Bill Bryson: 'There are people who just like to read the same book over and over.'Bill Bryson: 'There are people who just like to read the same book over and over.' Photo: Viki Yemettas

CONSIGNED to a footnote in history: such is the fate of those who contributed - but not quite enough - to the great narrative of human existence. Yet occasionally, the better, more intriguing story is found in small print at the bottom of the page. This is what Bill Bryson found when he delved into the sometimes impenetrable world of science.
Take, for example, Karl Scheele, a Swedish chemist of the 1750s who managed to discover eight elements, including oxygen, yet never received his due credit, with his findings overlooked or made by others by the time he was able to publish.
America was kind of like my mother, and England was kind of like my wife. And then I went to Australia and felt as if I was taking a mistress, almost. I fell for this gorgeous chick unexpectedly. I really kind of felt that way about Australia.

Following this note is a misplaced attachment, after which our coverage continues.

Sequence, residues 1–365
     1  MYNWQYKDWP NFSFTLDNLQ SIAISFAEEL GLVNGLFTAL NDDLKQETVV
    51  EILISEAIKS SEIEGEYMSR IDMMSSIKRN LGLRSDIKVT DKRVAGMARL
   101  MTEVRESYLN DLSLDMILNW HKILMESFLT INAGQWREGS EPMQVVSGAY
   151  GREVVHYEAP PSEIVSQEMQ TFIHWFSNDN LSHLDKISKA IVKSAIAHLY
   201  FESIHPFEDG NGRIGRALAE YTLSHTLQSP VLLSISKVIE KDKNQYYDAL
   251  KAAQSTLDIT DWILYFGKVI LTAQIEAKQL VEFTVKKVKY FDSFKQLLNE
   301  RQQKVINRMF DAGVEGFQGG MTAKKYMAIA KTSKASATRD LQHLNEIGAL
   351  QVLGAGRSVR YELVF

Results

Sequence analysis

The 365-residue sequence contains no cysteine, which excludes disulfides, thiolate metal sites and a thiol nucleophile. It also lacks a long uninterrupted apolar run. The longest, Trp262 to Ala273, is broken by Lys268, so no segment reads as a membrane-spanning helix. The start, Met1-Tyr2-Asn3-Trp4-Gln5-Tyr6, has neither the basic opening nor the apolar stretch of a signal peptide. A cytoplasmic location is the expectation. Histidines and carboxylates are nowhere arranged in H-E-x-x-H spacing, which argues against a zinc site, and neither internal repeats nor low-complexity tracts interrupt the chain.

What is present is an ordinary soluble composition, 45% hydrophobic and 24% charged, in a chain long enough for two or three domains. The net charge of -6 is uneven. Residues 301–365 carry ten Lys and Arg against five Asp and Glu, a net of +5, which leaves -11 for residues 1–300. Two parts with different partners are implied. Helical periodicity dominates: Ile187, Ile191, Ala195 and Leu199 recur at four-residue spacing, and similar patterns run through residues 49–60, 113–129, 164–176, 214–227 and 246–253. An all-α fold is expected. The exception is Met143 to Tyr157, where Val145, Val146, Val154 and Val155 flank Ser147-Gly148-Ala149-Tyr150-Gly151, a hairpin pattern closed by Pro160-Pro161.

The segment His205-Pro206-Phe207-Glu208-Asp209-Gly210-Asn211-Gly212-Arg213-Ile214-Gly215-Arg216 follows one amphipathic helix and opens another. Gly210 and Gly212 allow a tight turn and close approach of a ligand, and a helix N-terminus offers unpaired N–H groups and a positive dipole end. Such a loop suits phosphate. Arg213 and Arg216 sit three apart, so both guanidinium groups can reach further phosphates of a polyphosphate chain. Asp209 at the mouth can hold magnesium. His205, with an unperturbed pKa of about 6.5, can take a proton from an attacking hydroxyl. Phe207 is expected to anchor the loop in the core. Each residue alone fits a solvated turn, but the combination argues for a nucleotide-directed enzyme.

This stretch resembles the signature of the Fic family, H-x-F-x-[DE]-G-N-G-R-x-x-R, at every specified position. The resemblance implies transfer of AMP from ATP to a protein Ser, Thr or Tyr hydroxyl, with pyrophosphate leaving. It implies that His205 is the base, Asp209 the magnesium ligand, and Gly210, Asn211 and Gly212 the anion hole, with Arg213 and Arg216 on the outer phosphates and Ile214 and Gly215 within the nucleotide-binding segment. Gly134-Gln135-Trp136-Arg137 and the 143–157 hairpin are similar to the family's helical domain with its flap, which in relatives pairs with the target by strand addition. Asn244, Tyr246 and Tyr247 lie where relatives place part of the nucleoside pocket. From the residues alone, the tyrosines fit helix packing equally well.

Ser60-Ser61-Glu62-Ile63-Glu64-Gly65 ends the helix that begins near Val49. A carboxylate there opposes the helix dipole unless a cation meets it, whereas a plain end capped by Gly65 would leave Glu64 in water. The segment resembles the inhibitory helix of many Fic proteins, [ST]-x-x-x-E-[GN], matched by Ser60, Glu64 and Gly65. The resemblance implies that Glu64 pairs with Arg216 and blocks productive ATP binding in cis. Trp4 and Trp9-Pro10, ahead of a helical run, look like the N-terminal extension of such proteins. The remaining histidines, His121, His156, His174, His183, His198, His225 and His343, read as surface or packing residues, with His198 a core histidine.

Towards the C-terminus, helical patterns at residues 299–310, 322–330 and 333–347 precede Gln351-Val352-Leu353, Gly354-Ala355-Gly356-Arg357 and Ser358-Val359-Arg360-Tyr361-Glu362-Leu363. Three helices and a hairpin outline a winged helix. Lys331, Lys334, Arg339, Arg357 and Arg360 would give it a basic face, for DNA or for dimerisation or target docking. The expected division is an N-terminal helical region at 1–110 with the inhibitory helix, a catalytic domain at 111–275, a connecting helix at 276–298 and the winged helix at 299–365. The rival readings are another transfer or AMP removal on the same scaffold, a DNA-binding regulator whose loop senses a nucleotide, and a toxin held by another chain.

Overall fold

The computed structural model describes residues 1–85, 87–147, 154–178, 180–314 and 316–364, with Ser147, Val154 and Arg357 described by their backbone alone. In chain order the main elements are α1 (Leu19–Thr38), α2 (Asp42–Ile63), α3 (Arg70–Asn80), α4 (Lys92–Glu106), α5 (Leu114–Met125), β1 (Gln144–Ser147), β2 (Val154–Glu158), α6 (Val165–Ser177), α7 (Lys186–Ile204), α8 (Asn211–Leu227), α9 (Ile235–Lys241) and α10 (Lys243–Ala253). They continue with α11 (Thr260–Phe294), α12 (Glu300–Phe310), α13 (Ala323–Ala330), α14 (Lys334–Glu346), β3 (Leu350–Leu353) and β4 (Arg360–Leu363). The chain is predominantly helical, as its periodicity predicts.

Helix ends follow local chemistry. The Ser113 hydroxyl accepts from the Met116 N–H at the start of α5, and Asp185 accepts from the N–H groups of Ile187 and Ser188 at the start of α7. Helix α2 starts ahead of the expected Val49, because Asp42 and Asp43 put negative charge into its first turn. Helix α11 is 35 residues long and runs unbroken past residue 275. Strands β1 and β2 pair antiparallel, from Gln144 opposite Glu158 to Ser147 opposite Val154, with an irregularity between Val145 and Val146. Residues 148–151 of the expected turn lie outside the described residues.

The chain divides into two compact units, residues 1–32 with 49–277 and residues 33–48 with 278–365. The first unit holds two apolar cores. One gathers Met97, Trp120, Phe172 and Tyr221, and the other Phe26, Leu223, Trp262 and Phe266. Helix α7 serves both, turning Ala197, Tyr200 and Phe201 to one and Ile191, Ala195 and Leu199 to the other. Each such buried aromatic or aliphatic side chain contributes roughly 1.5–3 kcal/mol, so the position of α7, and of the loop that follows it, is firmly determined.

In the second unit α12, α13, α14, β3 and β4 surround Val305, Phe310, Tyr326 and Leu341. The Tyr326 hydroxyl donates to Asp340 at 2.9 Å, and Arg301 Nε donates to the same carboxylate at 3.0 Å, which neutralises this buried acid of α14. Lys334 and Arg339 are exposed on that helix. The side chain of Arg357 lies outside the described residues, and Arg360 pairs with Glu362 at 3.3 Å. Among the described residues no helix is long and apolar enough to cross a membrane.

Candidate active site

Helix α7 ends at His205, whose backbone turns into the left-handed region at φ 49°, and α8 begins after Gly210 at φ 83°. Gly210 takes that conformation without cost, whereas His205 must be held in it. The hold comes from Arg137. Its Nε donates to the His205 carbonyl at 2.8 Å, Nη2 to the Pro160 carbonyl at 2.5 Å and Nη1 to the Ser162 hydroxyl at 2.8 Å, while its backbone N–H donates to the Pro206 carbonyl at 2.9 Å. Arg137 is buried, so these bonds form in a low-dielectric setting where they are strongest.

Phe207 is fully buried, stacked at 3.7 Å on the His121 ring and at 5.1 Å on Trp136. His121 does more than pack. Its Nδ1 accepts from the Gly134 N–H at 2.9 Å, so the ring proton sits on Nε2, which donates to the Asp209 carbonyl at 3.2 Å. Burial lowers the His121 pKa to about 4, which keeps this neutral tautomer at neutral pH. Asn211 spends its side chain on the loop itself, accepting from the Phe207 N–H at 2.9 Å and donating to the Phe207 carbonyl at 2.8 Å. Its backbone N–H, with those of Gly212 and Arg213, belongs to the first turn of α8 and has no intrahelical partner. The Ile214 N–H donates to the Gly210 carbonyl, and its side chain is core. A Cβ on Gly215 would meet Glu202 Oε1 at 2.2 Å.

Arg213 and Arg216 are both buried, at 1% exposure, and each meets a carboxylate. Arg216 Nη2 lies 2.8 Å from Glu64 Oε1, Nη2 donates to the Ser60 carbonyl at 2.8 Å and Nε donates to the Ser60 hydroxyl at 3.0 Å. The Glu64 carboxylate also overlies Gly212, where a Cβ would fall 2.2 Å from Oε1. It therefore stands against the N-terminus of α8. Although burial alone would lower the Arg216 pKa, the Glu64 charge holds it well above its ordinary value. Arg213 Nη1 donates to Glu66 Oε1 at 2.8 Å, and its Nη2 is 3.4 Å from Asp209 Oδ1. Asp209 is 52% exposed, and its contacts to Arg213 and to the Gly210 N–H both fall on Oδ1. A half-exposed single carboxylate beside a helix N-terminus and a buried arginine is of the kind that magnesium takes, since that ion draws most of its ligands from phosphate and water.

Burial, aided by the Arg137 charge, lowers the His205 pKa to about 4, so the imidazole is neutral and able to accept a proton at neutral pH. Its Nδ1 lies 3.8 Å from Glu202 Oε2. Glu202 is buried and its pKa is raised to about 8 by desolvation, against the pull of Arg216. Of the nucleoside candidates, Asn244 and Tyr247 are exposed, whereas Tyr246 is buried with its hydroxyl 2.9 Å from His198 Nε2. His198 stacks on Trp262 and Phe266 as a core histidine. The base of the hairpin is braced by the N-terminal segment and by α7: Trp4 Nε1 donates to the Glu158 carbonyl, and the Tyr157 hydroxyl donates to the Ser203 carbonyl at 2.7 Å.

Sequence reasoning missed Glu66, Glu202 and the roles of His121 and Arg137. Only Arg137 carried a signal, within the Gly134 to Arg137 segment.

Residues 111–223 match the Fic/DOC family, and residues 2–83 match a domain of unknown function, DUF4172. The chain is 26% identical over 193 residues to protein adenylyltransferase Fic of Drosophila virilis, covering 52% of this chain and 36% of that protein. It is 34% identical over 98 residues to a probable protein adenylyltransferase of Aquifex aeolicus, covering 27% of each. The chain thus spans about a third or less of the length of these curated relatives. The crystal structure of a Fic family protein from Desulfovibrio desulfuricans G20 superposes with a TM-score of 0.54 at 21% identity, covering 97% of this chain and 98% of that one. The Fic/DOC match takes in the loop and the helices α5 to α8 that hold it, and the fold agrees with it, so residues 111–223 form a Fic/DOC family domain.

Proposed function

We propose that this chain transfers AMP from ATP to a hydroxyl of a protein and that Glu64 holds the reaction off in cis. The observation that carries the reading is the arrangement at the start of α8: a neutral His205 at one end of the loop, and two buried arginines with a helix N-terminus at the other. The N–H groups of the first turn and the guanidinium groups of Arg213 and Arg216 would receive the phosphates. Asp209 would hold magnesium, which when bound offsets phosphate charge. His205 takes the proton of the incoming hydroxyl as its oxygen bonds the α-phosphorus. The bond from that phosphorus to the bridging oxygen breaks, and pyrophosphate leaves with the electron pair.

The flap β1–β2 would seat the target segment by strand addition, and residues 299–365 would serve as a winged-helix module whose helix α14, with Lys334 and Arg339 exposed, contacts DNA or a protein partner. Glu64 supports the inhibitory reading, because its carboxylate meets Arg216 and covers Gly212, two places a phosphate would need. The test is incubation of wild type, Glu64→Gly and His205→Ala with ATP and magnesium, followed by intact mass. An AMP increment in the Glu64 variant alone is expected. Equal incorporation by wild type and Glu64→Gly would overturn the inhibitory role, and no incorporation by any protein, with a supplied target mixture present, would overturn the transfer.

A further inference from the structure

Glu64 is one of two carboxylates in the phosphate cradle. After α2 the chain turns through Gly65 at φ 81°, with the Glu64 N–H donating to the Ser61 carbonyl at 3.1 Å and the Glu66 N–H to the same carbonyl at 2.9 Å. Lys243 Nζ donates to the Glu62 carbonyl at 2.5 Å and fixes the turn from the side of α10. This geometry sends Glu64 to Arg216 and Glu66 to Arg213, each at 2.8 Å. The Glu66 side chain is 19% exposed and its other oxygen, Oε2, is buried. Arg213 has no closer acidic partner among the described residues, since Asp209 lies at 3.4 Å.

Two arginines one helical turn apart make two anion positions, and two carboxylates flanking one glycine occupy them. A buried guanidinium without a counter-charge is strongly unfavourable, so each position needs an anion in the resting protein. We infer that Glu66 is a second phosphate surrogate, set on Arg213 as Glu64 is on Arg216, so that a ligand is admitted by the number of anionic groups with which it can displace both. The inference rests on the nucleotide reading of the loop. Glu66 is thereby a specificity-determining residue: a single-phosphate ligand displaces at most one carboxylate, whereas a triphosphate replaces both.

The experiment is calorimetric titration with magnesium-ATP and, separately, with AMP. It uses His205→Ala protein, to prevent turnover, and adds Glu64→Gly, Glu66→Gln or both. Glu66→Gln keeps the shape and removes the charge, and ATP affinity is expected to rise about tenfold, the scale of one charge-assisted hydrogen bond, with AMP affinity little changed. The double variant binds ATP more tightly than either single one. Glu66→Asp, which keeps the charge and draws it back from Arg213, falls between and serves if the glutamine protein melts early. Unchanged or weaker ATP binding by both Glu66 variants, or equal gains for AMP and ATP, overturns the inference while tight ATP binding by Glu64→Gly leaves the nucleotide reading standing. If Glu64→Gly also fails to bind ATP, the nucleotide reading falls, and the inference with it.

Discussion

That, in itself, is a reason to take more notice of Karl Scheele. But as Bryson discovered, there was another, more unfortunate side to the pharmacist. Scheele had the bad habit of tasting everything he worked with: fine in the kitchen, Russian roulette in the laboratory.
On the menu were mercury and hydrocyanic acid, which he also discovered. At 43, Scheele died at his workbench, his bad gastronomic habit catching up with him. ''And that was just like a footnote, a passing reference to somebody,'' says Bryson. ''And to me, that's the story, that's certainly the way into this whole subject.''
This whole subject was A Short History of Nearly Everything, a remarkable and engaging tour de force of the universe and science created by Bryson almost a decade ago, but still exciting audiences today.
The book brings Bryson to Melbourne this week for the Florey Institute's annual Kenneth B. Myer Lecture, which commemorates the late businessman and philanthropist who helped build the Florey Institute of Neuroscience and Mental Health, in 1963. Each year, the Florey invites a speaker to discuss the beauty and mystery of the brain. The free public lecture has become something of a Melbourne institution.